In both cases, the data should be limited to the time period where the alternative treatments were both available to a person, so that a legitimate decision had to have been made. And in both case, we can use all information on or before this index date (e.g. baseline covariates) to evaluate whether the target and comparator cohorts are comparable enough to not explicitly violate the exchangeability assumption. And if the two original cohorts are not sufficiently comparable, we have statistical adjustment techniques (such as propensity score matching/stratification) that we can apply to make new target/comparator cohorts which can also be empirically evaluated for baseline covariate balance. Some important diagnostics to evaluate BEFORE YOU UNBLIND YOURSELF TO THE OUTCOME is to determine 1) are the target and comparator cohorts sufficiently near clinical equipoise to be a good enough proxy for the counterfactual ideal? and 2) have you achieved adequate covariate balance across all baseline characteristics?. This is also the point in the process where we’d advocate for using negative controls as an powerful diagnostic instrument to attempt to observe other sources of systematic error, potentially due to confounding, selection bias, or measurement error. (Here’s an example where the combination of covariate balance diagnostics and negative controls helped to identify channeling bias that is persistent in many published studies). At this point, you can also evaluate there is sufficient follow-up time available in the database (e.g. is the desired ‘time-at-risk’ observable in both cohorts, with an appropriate distribution?), and you can use this information to assess statistical power (e.g. do you have sufficient number of exposed with adequate follow-up time to observe enough outcomes to detect a causal effect if it does indeed exist). It is reasonable and appropriate to STOP your study at this point if any of the diagnostics above suggest that your estimated effect will be uninformative (either because its not a proper counterfactual proxy, or because there’s residual systematic error due to confounding or bias from other sources, or because you do not have adequate sample to provide sufficient precision for the question of interest)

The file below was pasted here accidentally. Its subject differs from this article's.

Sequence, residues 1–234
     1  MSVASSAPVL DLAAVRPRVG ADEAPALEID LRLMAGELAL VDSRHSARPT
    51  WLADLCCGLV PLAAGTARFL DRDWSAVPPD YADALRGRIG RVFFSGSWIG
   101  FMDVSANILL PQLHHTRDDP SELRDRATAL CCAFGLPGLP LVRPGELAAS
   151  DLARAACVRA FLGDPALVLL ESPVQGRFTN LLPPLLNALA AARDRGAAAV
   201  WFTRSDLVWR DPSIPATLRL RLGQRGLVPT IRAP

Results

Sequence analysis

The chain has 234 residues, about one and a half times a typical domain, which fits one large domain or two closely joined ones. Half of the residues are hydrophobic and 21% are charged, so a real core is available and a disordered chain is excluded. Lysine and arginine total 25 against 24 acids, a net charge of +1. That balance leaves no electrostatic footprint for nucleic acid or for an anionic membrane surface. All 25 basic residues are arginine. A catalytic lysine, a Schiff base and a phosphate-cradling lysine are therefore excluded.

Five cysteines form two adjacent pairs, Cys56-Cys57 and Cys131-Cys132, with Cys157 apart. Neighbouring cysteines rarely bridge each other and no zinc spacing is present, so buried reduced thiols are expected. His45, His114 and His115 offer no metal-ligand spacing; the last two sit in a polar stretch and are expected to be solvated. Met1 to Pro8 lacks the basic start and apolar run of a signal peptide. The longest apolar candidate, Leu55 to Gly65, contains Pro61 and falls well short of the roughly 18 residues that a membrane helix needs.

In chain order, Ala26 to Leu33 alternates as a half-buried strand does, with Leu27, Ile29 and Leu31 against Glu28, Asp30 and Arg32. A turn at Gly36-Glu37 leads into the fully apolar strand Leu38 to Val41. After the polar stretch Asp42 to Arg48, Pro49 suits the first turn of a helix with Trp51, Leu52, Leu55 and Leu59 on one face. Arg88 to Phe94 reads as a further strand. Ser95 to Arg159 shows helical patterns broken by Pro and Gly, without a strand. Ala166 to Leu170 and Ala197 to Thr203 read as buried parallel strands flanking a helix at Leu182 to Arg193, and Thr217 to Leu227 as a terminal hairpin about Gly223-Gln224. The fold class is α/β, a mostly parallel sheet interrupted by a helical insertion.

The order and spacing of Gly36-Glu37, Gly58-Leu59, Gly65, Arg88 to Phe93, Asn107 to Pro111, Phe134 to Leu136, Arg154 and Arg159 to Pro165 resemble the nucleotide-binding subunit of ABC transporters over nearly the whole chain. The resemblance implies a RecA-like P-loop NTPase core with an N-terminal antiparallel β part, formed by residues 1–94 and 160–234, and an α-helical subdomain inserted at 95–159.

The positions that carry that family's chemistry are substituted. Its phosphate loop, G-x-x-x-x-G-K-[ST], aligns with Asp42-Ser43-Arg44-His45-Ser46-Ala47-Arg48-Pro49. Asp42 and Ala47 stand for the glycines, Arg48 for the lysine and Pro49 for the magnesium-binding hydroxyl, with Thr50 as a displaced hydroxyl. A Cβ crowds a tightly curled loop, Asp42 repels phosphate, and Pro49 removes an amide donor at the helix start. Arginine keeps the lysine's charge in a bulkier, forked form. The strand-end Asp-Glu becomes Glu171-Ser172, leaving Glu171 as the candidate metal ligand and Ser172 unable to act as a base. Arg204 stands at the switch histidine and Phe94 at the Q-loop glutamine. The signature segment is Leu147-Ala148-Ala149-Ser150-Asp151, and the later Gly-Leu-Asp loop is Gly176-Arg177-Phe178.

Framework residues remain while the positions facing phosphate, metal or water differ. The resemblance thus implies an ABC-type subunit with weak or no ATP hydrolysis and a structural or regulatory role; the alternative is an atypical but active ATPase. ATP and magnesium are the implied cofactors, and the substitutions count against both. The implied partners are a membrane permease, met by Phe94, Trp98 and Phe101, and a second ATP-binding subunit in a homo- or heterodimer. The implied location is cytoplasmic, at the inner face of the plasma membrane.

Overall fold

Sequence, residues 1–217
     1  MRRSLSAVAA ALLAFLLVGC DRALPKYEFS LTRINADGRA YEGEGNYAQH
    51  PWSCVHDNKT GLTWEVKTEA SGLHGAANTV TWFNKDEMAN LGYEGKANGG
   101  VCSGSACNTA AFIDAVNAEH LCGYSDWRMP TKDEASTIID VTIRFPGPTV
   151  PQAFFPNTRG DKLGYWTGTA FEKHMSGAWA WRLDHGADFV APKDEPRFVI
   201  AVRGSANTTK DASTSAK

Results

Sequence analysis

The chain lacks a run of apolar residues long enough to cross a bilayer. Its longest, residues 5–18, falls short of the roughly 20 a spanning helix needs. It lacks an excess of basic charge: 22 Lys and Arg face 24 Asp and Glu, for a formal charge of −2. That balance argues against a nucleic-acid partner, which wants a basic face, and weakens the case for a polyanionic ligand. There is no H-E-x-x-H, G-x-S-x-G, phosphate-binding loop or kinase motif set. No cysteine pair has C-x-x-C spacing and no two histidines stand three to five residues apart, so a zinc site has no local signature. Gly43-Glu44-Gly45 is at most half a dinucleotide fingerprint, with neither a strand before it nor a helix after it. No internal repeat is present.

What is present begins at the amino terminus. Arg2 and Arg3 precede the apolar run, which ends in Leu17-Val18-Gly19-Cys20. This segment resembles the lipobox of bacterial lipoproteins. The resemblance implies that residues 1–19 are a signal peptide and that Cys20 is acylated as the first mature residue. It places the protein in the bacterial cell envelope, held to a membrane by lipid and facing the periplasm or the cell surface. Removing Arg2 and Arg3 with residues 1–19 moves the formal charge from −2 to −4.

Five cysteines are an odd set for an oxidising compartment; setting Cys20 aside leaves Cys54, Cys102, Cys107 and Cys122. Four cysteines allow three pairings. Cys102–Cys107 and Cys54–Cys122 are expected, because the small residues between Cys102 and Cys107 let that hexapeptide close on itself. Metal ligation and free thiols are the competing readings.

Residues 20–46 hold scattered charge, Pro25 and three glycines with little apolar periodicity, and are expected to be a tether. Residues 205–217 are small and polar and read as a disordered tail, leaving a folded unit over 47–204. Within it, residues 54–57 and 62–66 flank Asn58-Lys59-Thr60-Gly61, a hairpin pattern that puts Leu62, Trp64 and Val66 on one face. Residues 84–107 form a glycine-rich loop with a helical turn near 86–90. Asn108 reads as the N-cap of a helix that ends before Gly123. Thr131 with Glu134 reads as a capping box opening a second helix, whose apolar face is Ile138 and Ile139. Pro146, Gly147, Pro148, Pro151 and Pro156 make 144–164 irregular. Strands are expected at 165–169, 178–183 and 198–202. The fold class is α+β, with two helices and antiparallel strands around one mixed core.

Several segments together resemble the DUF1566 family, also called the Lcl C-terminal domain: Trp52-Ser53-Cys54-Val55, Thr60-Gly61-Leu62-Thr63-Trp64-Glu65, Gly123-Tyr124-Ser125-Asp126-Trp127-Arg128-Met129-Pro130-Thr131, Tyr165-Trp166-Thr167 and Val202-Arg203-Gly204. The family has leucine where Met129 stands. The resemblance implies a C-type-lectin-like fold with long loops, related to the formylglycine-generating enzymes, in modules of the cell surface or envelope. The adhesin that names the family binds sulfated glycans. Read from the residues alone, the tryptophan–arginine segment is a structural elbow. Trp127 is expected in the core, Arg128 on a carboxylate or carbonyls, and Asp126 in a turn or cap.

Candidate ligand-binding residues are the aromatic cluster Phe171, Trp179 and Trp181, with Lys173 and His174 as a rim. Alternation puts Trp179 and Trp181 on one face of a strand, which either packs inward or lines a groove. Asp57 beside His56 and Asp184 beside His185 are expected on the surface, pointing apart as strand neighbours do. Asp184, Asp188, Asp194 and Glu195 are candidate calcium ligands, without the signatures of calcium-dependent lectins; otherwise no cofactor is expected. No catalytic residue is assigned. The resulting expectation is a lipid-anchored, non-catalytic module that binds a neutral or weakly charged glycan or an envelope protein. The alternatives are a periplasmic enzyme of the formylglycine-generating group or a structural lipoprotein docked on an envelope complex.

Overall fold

To return to your scenario: you have an established intervention for a given indication and a new intervention for the same indication which is generally only used when the established intervention has been proven ineffective. So, in this case, its quite possible that you will not have enough sample for Study design #1 above, because there may not be many observed treatment-naive persons who chose the new intervention. And, even if study design #2 addressed the causal contrast that interests you, you may have a sample issue with finding persons who chose to not to have the new intervention if that’s recommended care or the choice of ‘do nothing’ is considered inappropriate. In either case, you may find yourself in a situation where your diagnostics tell you to ‘stop’ because you can’t produce a precise and valid estimate for the desired causal contrast.